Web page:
At least eight academic departments at Concordia University have passed damning motions against the school's board of governors, some explicitly expressing a loss of confidence in its ability to govern.
The motions make demands ranging from a review of the board's structure and actions to the resignation of governors. They are the strongest reactions yet to president Judith Woodsworth's abrupt and mysterious departure last month, which created a storm of speculation about troubled relations in the school's highest ranks.
The faculty members argue a lack of transparency and accountability from the board is battering the university's reputation, and even some board members seem unsure how the school lost its second president in slightly more than three years.
Concordia's board differs from those at most other prominent Canadian universities by size: It has 40 members, while others typically have between 20 and 25.
Seven years ago, nearby McGill University decided to trim its 45-member board of governors to 25. Emeritus chair Robert Rabinovitch said McGill's senior officials worried the board's unwieldy size was stunting debate at meetings, and he wanted "to be able to have real conversations at the board, real discussions."
"When you have a board of that size what happens is a sub-board, an inner group, develops - rarely officially. That's where the real decisions are taken, rather than [with]the board," he said.
Scrutiny of the way Concordia's board makes its decisions intensified last week when Dr. Woodsworth said she was asked to step down as president, contradicting an official statement that she had resigned "for personal reasons," which the university released just before closing for Christmas holidays.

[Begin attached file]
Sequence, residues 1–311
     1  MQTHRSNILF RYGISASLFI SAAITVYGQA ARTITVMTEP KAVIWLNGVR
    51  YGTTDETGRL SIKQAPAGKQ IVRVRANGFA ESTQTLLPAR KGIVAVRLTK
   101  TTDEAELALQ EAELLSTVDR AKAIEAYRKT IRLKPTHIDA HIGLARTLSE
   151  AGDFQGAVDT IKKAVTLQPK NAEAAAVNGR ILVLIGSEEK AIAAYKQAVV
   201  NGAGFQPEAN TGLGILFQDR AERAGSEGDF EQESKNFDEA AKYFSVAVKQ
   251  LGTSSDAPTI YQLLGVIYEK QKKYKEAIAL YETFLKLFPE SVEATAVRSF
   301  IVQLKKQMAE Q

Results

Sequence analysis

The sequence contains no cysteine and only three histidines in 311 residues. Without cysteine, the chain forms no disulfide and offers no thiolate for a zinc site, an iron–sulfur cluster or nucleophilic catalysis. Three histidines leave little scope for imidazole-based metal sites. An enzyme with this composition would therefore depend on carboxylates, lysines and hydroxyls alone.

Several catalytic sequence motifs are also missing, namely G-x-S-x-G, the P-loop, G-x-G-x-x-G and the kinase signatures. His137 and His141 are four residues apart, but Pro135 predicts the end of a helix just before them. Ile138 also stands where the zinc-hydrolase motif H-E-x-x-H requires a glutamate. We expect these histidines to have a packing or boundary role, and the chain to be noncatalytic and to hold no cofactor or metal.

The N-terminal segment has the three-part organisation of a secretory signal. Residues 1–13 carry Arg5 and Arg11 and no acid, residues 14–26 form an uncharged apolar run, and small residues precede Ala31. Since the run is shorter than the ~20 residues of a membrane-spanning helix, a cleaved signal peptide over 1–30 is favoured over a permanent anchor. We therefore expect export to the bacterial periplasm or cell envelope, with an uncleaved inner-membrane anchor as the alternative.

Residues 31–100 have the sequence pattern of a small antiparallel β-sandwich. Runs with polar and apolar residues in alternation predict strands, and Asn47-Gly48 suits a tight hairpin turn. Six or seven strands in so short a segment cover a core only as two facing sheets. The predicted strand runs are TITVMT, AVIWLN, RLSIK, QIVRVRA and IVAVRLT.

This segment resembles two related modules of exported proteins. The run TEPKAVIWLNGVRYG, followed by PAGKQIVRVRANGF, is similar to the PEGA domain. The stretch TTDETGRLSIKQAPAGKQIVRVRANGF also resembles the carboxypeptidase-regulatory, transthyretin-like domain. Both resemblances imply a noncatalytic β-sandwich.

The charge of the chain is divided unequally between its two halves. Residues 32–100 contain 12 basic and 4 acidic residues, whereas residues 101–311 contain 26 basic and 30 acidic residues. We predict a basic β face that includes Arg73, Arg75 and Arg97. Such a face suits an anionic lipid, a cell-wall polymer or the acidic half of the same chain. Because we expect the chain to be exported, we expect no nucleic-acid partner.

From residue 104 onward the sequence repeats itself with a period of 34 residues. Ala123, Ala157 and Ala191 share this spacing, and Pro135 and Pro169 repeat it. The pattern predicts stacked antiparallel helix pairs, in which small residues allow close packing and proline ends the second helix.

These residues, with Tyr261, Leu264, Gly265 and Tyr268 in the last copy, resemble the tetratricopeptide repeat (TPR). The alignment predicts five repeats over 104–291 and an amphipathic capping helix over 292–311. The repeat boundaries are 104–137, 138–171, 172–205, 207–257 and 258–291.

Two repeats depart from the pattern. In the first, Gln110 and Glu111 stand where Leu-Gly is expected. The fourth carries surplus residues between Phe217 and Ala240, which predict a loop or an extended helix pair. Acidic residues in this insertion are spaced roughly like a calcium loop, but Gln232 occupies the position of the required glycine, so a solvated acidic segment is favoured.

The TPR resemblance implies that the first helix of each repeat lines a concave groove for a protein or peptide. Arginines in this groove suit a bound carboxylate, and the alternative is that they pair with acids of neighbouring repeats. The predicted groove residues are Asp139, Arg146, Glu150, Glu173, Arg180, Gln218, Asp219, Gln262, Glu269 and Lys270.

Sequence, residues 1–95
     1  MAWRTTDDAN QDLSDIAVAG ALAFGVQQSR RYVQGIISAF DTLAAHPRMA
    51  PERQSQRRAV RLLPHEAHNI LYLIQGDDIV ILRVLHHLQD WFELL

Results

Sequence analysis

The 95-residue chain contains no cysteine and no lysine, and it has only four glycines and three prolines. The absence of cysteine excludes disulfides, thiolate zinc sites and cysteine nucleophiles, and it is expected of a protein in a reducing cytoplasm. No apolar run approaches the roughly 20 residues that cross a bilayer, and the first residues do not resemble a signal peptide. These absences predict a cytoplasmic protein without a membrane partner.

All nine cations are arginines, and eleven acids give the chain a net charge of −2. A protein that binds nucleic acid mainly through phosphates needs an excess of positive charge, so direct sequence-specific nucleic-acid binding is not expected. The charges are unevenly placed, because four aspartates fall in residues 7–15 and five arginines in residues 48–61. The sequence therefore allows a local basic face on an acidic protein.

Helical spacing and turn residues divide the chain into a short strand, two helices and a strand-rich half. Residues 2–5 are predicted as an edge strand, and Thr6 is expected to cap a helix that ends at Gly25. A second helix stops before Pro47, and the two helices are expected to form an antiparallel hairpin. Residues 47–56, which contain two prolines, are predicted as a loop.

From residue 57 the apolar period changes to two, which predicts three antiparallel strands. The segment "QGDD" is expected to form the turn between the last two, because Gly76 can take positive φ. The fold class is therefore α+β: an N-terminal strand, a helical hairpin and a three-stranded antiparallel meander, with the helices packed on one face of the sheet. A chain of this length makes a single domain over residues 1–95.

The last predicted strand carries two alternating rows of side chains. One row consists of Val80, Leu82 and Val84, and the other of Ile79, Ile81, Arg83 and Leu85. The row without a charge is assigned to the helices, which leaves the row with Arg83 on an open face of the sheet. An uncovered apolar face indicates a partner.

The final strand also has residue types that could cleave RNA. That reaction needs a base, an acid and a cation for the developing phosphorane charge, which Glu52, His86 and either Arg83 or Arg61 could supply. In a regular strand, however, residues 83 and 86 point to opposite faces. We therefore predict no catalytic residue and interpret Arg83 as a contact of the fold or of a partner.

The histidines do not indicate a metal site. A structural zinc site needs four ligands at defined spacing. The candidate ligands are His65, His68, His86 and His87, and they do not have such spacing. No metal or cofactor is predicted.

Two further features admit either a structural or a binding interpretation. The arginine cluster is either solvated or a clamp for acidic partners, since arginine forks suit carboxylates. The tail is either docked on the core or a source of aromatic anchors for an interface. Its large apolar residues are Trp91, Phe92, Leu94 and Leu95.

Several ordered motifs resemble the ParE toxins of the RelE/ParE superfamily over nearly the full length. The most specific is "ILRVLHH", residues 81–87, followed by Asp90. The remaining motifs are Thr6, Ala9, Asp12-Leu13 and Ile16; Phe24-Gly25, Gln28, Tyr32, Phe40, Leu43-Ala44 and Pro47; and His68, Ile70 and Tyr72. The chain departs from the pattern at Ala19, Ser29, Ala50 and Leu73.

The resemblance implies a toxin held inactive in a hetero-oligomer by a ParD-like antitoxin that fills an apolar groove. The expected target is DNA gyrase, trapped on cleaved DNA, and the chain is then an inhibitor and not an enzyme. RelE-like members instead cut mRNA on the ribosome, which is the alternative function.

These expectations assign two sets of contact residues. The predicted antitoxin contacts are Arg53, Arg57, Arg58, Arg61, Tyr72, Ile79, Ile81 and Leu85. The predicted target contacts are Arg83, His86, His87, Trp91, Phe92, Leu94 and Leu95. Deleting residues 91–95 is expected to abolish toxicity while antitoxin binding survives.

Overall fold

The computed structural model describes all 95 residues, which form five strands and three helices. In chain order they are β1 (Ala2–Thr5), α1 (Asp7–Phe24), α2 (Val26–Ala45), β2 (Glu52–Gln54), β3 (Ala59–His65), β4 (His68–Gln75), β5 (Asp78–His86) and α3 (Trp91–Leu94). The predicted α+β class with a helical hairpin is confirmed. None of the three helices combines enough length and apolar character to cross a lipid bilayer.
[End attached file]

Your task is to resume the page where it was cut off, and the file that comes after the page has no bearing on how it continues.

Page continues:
A Jan. 12 open letter written by the six faculty members on Concordia's board expresses confusion at how Dr. Woodsworth's departure was decided, and support for the community's numerous calls "for greater transparency and accountability from the board of governors."
"No formal meeting of the board of governors was called, and neither was any formal vote taken in this regard. Those of us who were informally consulted made it very clear that we believed that president Woodsworth should complete her term," the letter reads.
The six governors sought "clarification about the process" from board chair Peter Kruyt, who replied in writing on Thursday.
"We highly value your input on important issues put before the board. That is why we consulted with you in December during deliberations about the need for the right leadership at this time for a university that is as dynamic as Concordia," writes Mr. Kruyt.
His letter also says he recalls those discussions being "very positive and productive," though they did not yield unanimity.
Mr. Kruyt declined to be interviewed, but said in an earlier statement that Concordia is on "solid footing." None of the six board members replied to interview requests.
In the coming months, Concordia's board is expected to vote on a proposal to trim its own membership to 25, resulting from a year-long, board-led review. The idea was spurred in 2009 by Quebec's Bill 38, which would have standardized the makeup of university boards but was later abandoned.
A report on the review says a smaller board "is a more appropriate venue for effective debate and engagement in discussion," and suggests streamlining a "somewhat dated" committee structure.
It also encourages a balancing of the presidential search committee that tapped Dr. Woodsworth after her predecessor, Claude Lajeunesse, was pushed out in 2007. The committee is dominated by board members from inside Concordia, while the full board has a majority of external appointees. But a faculty collective agreement blocks such a change until 2012.